Davis challenges PM to sue him over post office lease accusations

Davis challenges PM to sue him over post office lease accusations
Town Center Mall

NASSAU, BAHAMAS – Progressive Liberal Party (PLP) Leader Philip Brave Davis yesterday doubled down on his accusation the prime minister misled Parliament regarding the controversial Town Centre Mall lease.

Davis challenged the prime minister to take legal action if he feels aggrieved.

The PLP leader made the comment during a press conference at the party’s headquarters, where he addressed the last week’s confidence vote. 

“My formal responses to the content and outturn of the debate was that the question of parliamentary and ministerial misconduct by the prime minister remain unanswered,” he told members of the press and party supporters.

“The charge of the violation of and offence to Article 49 (f) of the constitution remain unanswered.

“Publicly making light of this constitutional crisis by accusing the PLP of jonesing for power is, in itself, offensive to the constitution and Westminster conventions, further underscoring the level and depth of unfitness of the FNM to hold high office.”

Government MPs last week passed a vote of confidence in Prime Minister Dr. Hubert Minnis, after moving a motion to amend the original resolution of ‘no confidence’ brought by the opposition.

The original resolution centered on the government’s decision to lease the mall, which is partly owned by St Anne’s MP and former Cabinet minister Brent Symonette, for the relocation of the General Post Office.

The opposition maintains that Minnis mislead the House in the resolution’s declaration that Symonette had no involvement in the discussions on the lease agreement, given that soon after his resignation Symonette revealed on a local talk show that he and the prime minister discussed the matter over a phone call.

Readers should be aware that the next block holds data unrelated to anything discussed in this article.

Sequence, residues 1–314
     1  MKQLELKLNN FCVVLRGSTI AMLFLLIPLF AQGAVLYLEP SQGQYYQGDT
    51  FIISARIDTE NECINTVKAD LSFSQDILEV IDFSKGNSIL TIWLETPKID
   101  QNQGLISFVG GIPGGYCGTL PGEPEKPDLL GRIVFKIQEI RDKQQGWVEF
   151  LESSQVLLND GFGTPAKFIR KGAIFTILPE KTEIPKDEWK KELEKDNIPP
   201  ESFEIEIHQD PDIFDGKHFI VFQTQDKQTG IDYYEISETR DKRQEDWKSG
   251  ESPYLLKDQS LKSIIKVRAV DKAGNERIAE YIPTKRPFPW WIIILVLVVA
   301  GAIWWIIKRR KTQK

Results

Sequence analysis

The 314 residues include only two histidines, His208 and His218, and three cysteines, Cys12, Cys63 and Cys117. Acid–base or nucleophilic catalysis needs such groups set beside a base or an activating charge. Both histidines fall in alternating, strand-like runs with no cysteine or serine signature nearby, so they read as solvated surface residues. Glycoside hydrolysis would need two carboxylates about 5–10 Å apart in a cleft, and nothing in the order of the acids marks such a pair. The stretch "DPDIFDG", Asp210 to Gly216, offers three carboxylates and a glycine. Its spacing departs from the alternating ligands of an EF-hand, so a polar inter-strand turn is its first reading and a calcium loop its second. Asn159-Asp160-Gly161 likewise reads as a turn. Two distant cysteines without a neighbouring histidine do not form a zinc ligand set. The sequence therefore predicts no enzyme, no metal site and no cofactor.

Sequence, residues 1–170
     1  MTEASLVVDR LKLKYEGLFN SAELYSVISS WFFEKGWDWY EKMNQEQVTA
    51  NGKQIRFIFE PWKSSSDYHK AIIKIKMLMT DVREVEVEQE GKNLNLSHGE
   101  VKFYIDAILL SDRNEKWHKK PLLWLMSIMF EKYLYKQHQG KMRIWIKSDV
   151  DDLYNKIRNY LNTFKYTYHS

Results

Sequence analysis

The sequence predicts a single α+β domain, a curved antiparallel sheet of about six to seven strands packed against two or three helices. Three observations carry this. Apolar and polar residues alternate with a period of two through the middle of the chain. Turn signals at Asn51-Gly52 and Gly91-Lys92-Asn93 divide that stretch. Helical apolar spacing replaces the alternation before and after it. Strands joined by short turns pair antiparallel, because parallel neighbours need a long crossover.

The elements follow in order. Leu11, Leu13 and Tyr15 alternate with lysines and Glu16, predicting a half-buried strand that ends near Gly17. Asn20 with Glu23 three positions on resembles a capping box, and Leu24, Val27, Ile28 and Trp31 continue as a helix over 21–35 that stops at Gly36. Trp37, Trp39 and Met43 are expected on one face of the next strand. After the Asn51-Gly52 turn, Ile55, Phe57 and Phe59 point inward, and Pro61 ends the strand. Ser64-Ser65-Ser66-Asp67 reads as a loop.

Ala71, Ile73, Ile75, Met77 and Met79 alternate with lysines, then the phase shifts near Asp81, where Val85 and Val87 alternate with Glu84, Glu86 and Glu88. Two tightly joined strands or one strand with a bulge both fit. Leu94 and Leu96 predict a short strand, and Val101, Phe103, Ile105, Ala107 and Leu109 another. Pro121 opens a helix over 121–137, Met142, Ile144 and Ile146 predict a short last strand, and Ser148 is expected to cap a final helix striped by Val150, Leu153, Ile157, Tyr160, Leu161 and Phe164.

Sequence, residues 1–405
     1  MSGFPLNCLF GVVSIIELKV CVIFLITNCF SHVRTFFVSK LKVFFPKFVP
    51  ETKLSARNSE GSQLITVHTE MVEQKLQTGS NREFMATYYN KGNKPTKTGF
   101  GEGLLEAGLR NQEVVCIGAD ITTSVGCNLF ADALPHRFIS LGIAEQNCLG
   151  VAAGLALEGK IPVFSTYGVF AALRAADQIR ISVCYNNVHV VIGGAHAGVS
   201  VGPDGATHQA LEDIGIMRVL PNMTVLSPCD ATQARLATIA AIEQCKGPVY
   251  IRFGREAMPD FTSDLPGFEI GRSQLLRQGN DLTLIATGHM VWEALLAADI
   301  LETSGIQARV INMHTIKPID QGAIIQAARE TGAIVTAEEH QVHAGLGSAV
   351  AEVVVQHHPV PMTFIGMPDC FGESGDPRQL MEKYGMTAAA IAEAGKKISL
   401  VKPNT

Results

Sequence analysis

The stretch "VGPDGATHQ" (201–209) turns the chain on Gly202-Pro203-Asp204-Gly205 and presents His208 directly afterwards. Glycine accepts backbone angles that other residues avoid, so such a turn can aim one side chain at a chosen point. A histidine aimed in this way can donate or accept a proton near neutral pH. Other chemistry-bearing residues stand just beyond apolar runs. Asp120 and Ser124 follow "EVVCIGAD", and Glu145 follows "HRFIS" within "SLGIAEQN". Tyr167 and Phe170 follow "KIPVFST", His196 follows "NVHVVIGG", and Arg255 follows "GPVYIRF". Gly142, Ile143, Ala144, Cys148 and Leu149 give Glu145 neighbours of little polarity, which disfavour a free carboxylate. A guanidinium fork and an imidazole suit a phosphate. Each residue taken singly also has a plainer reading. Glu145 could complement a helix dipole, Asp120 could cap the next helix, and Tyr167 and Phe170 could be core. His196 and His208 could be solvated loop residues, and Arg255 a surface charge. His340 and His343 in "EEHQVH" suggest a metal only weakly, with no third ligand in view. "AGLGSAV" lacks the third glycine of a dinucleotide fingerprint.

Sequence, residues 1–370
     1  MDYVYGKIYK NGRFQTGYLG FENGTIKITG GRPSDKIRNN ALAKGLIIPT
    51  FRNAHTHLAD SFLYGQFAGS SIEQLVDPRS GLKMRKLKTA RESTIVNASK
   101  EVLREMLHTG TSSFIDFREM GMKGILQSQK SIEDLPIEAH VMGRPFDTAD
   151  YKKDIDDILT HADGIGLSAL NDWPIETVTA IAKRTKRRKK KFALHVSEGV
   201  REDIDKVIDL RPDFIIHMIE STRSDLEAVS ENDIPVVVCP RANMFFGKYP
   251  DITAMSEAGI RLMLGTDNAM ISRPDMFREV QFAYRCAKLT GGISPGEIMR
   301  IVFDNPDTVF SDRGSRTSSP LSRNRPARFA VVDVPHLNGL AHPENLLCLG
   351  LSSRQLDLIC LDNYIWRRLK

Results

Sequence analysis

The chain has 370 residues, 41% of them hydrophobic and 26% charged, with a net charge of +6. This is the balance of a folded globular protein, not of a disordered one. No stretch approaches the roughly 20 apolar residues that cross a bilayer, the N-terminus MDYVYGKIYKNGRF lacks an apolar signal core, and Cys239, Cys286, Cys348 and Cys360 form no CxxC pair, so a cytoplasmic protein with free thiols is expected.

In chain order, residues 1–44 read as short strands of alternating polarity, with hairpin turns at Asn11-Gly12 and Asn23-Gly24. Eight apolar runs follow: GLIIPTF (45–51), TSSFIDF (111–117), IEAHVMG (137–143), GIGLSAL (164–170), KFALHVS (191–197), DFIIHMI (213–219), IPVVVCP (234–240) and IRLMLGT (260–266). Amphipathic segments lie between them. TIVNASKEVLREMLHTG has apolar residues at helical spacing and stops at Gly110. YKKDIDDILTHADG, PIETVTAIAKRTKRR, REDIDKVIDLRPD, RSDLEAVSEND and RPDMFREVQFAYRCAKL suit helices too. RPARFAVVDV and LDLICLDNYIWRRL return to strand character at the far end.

Phillip “Brave” Davis

“I am not in Parliament now and there is no speaker here to restrict my language, to tell me what is, from what is not parliamentary,” Davis said yesterday.

“…I invite the prime minster, if he feels so aggrieved, maligned by this public accusation, take legal action against me, put up your evidence against mine in a court of law. But just let me say, let the court decide based on the strength, weight and veracity of what each side would put before it.”

The opposition leader insisted that the prime minister does have a case to answer.

“Until you do, your misconduct and corrupt behavior will always cast a dark cloud of illegitimacy over your administration,” Davis continued.

“It will hang like an albatross around your political neck and remain an ugly stain on your public service record and legacy.”

Davis also took issue with House Speaker Halson Moultrie for allowing the opposition’s resolution to be amended, and the speaker’s refusal to allow him to wrap up the conclusion of the debate.

“What the speaker allowed to take place was not amending the resolution, but appealing what we laid before the House, because they were attempting to find a way to avoid answering the serious changes leveled at the prime minister and at least of member of his Cabinet,”  Davis added.

“Consequently, a credible argument can be made that the resolution tabled and debated by the FNM was illegitimate.”

Moultrie ruled that due to a precedent set in Parliament on his vote of no confidence last February, the sweeping amendment would be permitted.

Opposition not threatened

The confidence debate also saw the resignation of Golden Isles MP Vaughn Miller from the FNM.

During his contribution on the matter, Miller gave a scathing review of the Minnis administration and several decisions taken this term.

At the end of the vote, Minnis laughed at Miller’s resignation and advised him that he and former FMN MP Reece Chipman only needed three more parliamentarians to join them to become the official opposition.

Chipman resigned from the FNM in October.

The prime minister even went as far as to tell Miller that he would loan him three government MPs – one of which would be the leader of the opposition and Miller would be deputy leader.

Asked about the prime minister’s assertions yesterday, Davis said, “We are not threatened by that.”

“For our part, we think we are the opposition party, we enjoy tremendous support throughout the country,” he continued.

“If it is that they want to form another alliance within the parliamentary caucus, that is for them, that will not concern us. We know what our mission is and we will continue on our mission.

“It just happens that our mission has with it the role of the official opposition. It that is taken away, it will not deter us from our mission.”

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